What has NASA’s Juno discovered around Jupiter so far? (3 year update)

What has NASA’s Juno discovered around Jupiter so far? (3 year update)

I don’t know where the time has gone, but
it’s now been 3 years since Juno arrived at Jupiter. During this time, it has been collecting valuable
and insightful data about the largest of our neighbour planets. It has recently completed Perijove 21, or
its 21st polar orbit, out of a total of 35 planned orbits, which means we are now well
past the halfway point of this mission. Some of you veterans to this channel will
remember the video I made about Juno at its one year mark, but what has it discovered
since then, and has it disproved some of the assumptions we had about Jupiter from before
it arrived? I’m Alex McColgan, and you’re watching
Astrum, and together we will go through everything Juno has discovered and seen around Jupiter
so far. There was some scepticism about whether Juno
would last this long, due to the intense radiation around the planet, but Juno is currently in
good health. Its polar orbit takes it very close to the
planet, only 4000km above its atmosphere, meaning it avoids most – but not all – of
Jupiter’s plasma torus, or this region of extremely energised particles, particles which
have been trapped in place by Jupiter’s powerful magnetic field. But thankfully, Juno quickly discovered that
the radiation where it orbits was a lot weaker than initially expected. This means that even the camera is still operational,
which was one of the first instruments expected to go. Juno completely surprised scientists though
by also discovering another, small and less powerful radiation belt right above the equator,
which hugs the planet tightly. So far, the mechanisms behind this radiation
belt are unknown. However, although the radiation exposure hasn’t
been as bad as scientists expected, due to the nature of Juno’s orbit, every passing
Perijove takes it more and more into the main radiation belt, meaning Juno certainly can’t
last forever, and Perijove 35 is currently when mission controllers believe the mission
will be forced to end, whereupon they will crash Juno into Jupiter to avoid any future
collisions with Europa. The charged particles in the plasma torus
come particularly from the volcanic activity of Jupiter’s closest large moon, Io, which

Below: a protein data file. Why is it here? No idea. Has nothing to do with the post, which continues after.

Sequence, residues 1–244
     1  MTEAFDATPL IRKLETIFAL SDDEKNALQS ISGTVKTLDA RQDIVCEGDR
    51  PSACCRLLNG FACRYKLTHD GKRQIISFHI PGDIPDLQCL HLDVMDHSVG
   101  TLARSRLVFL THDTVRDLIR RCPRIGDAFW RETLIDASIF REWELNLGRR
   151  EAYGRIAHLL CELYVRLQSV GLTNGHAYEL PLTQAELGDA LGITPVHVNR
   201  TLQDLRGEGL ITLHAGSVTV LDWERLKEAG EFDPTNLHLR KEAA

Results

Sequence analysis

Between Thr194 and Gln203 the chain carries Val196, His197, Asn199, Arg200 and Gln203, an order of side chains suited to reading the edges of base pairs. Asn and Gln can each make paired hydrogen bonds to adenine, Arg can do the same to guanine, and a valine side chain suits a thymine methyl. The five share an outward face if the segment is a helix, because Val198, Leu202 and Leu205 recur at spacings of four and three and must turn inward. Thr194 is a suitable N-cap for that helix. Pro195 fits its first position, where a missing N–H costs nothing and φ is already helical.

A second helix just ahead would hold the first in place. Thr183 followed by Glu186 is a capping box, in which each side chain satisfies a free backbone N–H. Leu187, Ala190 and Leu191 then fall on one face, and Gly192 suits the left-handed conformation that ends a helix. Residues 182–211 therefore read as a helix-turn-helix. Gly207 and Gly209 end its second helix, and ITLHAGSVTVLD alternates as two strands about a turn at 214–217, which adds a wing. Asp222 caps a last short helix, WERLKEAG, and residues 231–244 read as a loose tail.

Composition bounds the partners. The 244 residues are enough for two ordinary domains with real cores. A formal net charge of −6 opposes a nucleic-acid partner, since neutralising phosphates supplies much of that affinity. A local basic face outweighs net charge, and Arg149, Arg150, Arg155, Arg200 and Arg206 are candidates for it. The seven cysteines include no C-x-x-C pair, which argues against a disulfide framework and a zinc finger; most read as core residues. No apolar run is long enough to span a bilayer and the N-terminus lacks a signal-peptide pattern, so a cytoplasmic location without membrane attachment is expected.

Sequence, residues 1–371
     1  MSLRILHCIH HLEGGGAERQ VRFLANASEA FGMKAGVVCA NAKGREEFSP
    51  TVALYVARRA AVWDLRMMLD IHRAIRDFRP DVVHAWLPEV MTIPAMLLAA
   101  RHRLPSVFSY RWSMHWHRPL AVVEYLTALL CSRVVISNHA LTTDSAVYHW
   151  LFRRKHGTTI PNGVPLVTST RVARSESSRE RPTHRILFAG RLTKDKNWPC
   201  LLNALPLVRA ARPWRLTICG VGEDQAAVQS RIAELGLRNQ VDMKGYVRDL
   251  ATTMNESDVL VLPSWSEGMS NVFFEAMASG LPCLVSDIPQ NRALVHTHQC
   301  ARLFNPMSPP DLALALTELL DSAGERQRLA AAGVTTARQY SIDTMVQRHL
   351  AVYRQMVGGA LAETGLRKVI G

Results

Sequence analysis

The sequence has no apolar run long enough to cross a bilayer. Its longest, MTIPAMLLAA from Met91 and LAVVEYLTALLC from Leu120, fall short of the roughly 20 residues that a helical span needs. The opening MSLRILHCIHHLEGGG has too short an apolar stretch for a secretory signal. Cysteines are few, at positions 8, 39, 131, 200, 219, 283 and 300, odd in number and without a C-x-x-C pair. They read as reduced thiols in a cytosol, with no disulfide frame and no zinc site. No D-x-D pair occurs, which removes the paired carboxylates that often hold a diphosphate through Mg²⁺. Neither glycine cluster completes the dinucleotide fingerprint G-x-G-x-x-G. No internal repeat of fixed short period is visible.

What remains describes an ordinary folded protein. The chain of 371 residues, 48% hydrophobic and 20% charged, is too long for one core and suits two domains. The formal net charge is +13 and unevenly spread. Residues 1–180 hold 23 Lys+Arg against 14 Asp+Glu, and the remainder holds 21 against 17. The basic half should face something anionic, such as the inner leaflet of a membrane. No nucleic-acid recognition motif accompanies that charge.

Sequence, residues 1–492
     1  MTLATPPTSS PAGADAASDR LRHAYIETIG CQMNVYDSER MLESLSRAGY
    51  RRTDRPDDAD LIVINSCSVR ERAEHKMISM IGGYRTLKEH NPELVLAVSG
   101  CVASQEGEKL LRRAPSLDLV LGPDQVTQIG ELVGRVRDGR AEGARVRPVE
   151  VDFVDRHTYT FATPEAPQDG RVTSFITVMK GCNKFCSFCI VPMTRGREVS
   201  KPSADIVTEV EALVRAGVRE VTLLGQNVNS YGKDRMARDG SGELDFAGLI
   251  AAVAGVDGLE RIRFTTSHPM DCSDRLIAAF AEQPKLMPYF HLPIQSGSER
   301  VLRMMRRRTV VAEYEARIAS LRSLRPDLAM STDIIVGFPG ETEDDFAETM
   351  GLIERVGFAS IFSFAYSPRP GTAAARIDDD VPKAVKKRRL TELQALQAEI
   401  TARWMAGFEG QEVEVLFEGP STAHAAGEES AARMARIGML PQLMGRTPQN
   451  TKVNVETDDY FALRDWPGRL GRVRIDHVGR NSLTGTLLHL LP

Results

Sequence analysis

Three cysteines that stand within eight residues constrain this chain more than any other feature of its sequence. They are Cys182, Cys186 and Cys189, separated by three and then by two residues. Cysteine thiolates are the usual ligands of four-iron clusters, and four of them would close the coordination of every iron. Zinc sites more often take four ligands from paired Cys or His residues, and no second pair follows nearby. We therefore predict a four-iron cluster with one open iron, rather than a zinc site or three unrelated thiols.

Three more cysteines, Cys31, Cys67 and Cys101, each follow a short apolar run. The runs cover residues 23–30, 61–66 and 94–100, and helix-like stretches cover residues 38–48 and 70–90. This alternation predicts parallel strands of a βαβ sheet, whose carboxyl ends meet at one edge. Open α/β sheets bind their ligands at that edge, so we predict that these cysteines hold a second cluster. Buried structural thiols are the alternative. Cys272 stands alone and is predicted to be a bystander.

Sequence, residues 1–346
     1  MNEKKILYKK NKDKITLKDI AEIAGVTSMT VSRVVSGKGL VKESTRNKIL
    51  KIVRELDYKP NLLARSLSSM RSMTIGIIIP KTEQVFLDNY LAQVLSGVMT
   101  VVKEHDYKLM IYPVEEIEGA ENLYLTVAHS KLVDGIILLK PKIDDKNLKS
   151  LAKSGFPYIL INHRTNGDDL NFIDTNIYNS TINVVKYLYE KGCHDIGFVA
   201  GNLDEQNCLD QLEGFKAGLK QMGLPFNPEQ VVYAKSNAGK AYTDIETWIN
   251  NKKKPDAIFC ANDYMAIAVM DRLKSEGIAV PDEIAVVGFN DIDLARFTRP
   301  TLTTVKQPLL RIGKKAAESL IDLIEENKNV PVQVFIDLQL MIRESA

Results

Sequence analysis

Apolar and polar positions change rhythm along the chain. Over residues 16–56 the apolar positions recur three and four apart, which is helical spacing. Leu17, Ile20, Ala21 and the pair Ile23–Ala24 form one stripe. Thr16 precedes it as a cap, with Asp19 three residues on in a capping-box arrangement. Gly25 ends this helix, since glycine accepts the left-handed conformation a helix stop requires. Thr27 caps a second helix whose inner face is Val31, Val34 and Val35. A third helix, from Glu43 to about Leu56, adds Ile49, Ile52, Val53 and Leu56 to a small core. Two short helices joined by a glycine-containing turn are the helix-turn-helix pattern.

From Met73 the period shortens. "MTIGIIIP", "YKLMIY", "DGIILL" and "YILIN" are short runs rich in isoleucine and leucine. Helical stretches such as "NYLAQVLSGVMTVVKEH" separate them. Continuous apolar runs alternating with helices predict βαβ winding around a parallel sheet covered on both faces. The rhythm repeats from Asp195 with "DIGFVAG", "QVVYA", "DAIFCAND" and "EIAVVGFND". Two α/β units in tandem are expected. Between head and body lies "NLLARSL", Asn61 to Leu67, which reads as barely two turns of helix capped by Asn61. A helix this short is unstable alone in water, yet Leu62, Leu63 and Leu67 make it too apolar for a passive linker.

blasts particles into orbit around Jupiter. Just to give you an idea of how volcanically
active Io is, this was New Horizon’s view of Io as it passed by Jupiter on its way to
Pluto, with the Tvashtar volcano in a full eruption. Juno has also had a look at Io in the infrared,
the hot spots indicating where volcanic activity is occurring. Io ejects one ton of particles into orbit
around Jupiter per second. As Io travels through the plasma torus and
interacts with Jupiter’s magnetosphere, this causes a flux tube to exist between the
planet and the moon, a flux tube being an electric current that travels along a cylindrical
tube of magnetic field lines. It is very powerful; it can develop up to
400,000 volts and one million to five million amps of current. Juno was able to get very accurate readings
of the flux tube during its 12th orbit, as it passed directly through it. No, this didn’t fry the spacecraft, as the
flux tube has a large diameter and so it isn’t concentrated enough to do damage to the craft. Also, Juno was in and out of it in a matter
of seconds. Juno is a massive spacecraft, 20m in diameter. And it really has to be, as it is a solar
powered spacecraft, and it only gets 4% of the Sun it would do around Earth. This means even though these panels are huge,
it can only generate just above 400 watts. But you’ll also notice that this design
paired with the fact that Juno rotates makes it look a bit like a fidget spinner. This isn’t just to make a pretty spinning
spacecraft. Juno was specifically designed to detect various
fields and particles around Jupiter, and having a spacecraft with a large, spinning radius
helps with that. This is particularly evident with this instrument
here, the magnetometer found at the end of one of the solar panels, tasked with mapping
out Jupiter’s magnetic field. Through Juno’s data, we now have a highly
detailed map of Jupiter’s magnetic field which is only getting more accurate with every
passing orbit. As expected, Juno confirmed that Jupiter has
a dipole like magnetic field, although it is not very aligned which the rotational axis. What was very interesting though is that scientists
discovered something called the Great Blue Spot, a region on Jupiter where the magnetic
field is very concentrated. Comparing Juno’s magnetic field data with
previous Jupiter missions, like Pioneer, Voyager and Galileo has also revealed a first for
the solar system. Jupiter’s magnetic field structure has been
found to change very gradually over time, which is called secular variation. Interestingly, this was most apparent around
Jupiter’s Great Blue Spot. This variation is thought to be driven by
a region right at the base of Jupiter’s atmosphere, which we’ll get to in a bit. A combination of the powerful magnetic field